neutralized to 50% using the same concentration of TriMAb.
Thus, none of the MAbs could alone significantly distinguish
neutralization sensitivity of virus from chronic and end-stage
disease (Figure 2a–c). Still, end-stage R5 viruses tended to be more
sensitive to 2G12 neutralization since five out of six end-stage R5
viruses were neutralized, in contrast to only two out of six chronic
stage R5 viruses (Figure 2a). Taken together, these findings suggest
that R5 HIV-1 variants with increased sensitivity to broadly
neutralizing antibodies may emerge during severe immunodefi-
Env of end-stage HIV-1 R5 virus variants display reduced
glycosylation and increased positive charge concomitant
with increased sensitivity to TriMab
To examine whether emergence of R5 HIV-1 with increased
sensitivity to broadly neutralizing antibodies was paralleled by Env
evolution during end-stage disease, we analyzed amino acid
modifications that could lead to altered glycosylation pattern.
Numbers of PNGS in 48 env clones derived from the sequentially
obtained primary R5 isolates were analyzed. The average number
of PNGS for each isolate was calculated from the sequences of four
different clones. A significant reduction in numbers of PNGS within
gp160, as well as gp120, was observed when comparing R5 viruses
isolated at end-stage disease with those from the chronic phase
(p=0.028 in both cases; Figure 3a and 3b), while no such clear
pattern was apparent in gp41 (Figures 3c). We also noted that
mutations leading to loss of PNGS mainly clustered in the gp120
variable regions, and in particular in the V2 and V4 regions (Figure
S1). Conversely,the numberof PNGS intheV3 loop wasconserved
between the two time points (Figure S1). Loss of glycosylation in
end-stage Env sequences was further supported by western blot
analysis. Here we noted that the molecular weight of gp160 and
gp120 clones from the end-stage R5 isolates were lower when
compared to clones from corresponding earlier isolate (Figure 4a).
Additionally, end-stage Env clones that were de-glycosylated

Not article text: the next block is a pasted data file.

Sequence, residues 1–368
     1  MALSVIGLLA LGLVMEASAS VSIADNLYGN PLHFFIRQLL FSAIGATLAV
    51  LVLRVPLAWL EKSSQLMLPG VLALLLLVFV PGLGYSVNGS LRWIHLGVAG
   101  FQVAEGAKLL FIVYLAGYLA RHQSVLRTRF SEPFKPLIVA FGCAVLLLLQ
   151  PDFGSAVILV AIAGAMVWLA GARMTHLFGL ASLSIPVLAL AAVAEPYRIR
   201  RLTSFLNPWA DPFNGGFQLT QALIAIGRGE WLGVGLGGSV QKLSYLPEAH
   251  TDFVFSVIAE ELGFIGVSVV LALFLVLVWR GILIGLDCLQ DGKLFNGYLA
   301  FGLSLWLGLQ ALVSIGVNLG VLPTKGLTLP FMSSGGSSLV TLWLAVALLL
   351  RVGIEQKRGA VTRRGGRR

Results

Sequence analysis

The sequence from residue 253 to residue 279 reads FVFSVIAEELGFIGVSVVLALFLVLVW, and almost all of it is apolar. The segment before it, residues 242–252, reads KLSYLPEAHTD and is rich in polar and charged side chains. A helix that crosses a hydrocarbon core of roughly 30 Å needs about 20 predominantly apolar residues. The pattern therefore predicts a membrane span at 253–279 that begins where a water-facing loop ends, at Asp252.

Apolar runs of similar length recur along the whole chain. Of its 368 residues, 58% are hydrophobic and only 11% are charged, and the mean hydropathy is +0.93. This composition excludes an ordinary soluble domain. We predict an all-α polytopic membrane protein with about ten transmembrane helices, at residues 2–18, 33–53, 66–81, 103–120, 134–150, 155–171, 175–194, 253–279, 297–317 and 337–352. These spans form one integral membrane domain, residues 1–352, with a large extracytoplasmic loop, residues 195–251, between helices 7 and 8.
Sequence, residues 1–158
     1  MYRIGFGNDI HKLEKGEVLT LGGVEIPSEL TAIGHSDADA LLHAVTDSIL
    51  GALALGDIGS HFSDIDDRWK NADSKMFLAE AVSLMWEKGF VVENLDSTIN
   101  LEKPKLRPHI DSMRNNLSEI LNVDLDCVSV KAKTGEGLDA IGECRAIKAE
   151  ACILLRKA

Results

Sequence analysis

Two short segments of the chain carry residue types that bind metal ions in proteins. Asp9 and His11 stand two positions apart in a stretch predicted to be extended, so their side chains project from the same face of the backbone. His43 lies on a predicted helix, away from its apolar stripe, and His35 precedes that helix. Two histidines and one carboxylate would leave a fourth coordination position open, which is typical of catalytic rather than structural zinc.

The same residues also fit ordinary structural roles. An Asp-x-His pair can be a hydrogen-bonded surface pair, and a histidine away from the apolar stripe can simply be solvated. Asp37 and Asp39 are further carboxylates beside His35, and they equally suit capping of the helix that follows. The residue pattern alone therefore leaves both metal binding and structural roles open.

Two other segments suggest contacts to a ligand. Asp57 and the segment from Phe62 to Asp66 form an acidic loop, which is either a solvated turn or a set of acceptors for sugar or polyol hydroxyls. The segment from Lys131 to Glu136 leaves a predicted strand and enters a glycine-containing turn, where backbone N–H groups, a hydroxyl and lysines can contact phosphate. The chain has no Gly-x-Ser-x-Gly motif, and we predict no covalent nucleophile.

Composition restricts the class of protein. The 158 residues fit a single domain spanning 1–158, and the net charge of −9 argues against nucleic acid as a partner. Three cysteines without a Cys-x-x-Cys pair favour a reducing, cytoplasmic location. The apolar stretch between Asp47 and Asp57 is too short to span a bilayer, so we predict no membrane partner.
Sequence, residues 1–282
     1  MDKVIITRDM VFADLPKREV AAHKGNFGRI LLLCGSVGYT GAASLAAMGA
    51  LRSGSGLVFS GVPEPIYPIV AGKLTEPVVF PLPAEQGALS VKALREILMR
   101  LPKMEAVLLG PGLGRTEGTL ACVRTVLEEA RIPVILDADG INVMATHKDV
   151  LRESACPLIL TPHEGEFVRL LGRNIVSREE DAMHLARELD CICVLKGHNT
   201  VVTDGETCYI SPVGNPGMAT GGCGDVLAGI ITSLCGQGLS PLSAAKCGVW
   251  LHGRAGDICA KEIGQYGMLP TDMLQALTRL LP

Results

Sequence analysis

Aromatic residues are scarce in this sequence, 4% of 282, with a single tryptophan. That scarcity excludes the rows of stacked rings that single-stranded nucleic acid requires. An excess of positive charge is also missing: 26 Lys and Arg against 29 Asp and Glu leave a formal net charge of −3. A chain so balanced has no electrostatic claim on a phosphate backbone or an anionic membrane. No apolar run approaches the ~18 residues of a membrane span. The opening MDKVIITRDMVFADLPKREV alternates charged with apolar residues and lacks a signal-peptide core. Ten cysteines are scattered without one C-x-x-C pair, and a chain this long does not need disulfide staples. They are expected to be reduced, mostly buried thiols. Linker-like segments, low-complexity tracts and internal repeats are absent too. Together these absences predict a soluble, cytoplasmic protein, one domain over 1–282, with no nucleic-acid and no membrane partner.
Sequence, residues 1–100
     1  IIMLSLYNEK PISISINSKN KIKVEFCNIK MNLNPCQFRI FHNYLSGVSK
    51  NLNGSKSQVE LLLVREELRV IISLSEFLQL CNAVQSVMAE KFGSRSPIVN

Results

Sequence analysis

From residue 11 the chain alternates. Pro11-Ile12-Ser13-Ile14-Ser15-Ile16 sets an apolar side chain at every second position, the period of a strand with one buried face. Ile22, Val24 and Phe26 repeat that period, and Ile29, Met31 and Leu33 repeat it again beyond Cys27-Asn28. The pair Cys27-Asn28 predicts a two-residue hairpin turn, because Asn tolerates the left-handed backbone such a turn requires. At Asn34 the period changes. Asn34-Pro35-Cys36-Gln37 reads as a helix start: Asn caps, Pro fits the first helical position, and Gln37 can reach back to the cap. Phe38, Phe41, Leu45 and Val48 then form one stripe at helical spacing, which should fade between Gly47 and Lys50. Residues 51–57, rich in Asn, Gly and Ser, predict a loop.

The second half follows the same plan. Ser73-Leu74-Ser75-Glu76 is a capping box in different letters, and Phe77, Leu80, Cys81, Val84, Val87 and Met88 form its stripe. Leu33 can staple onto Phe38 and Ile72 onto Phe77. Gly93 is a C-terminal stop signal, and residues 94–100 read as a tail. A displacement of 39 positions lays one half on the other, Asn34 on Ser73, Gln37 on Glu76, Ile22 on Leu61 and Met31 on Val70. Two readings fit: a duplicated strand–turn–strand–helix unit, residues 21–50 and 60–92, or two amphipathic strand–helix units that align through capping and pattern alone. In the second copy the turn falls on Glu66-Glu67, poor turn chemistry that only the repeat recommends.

following treatment with PNGaseF displayed similar motility as
compared to corresponding PNGaseF treated clones from the
chronic stage (data not shown). Furthermore, length of the gp160
and gp120 amino acid sequences did not appear to differ in a
consistent manner between chronic and end-stage R5 Env clones
(Figure 4b and 4c). Reduced numbers of PNGS in gp160 correlated
R5 HIV Env Changes and Neutralization Sensitivity
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instead with decreasing CD4 counts at time of R5 virus isolation
(Table 2). Since we previously reported on the development of R5
virus variants displaying Env with increased net positive charge in
parallel with increased infectivity [17,18], we analyzed PNGS
numbers in relation to Env net positive charge and viral infectivity.
We here found that reduced PNGS numbers in Env correlated with
increased viral infectivity, assessed as plaque forming units in
U87.CD4-CCR5 cultures, and Env with increased net positive
charge (Table 2). To analyze whether evolution in R5 virus
sensitivity to broadly neutralizing antibodies was associated with the
observed Env modifications, we next assessed virus sensitivity to
found that reduced TriMab IC50 correlated with reduced numbers
of PNGS and increased net positive charge in Env (Table 2). In
relation to viral fitness, we observed that R5 variants with increased
sensitivity to TriMAb also were more infectious in the U87.CD4-
CCR5 cultures (Table 2). Hence, we conclude that R5 HIV-1
variants with increased sensitivity to TriMAb neutralization may
emerge during severe immunodeficiency and display augmented
infectivity, in addition to Env with reduced glycosylation and an
increase in net positive charge.
R5 isolates with increased 2G12 sensitivity appear at low
CD4+T-cell count and display Env modifications
Since end-stage R5 HIV-1 isolates analyzed in this study tended
to be more sensitive to neutralization by the 2G12 MAb than by
IgG1b12 or 2F5, we next compared 2G12 sensitivity with patient
immune status, viral infectivity and Env characteristics. We
established that R5 viruses neutralized by 2G12 (IC50 #25 mg/
ml) were isolated from patients with reduced CD4+T-cell count
(p=0.035; Figure 5a) and displayed increased infectivity when
tested in U87.CD4-CCR5 cultures (p=0.012; Figure 5b). In
addition, the 2G12-sensitive viruses had Envs with reduced
numbers of PNGS and increased positive net charge when
compared to R5 isolates resistant to 2G12 neutralization (IC50
.25 mg/ml) (p=0.015 and p=0.018; Figures 5c and 5d). Since
2G12 binds to a cluster of high mannose glycans [37,38] we
mapped the localization of PNGS modifications in end-stage R5
viruses in relation to the 2G12 epitope. We observed that PNGS
that were previously shown to be essential for 2G12 binding
(N295, N332, N339, N386 and N392) were highly conserved in
gp120 sequences from both 2G12 neutralization-sensitive and -
resistant viruses (Table S1). Molecular models of gp120 were
created based on Env sequences obtained before and after AIDS
onset from patient M (Figure 6). The gp120 models comprised the
core domain as well as the V3, V4 and V5 regions. Glycosylations
were modelled at each PNGS as core saccharides composed of two
N-acetylglycosamine and three mannose residues, found in all N-
linked glycosylations. Comparative analysis of the molecular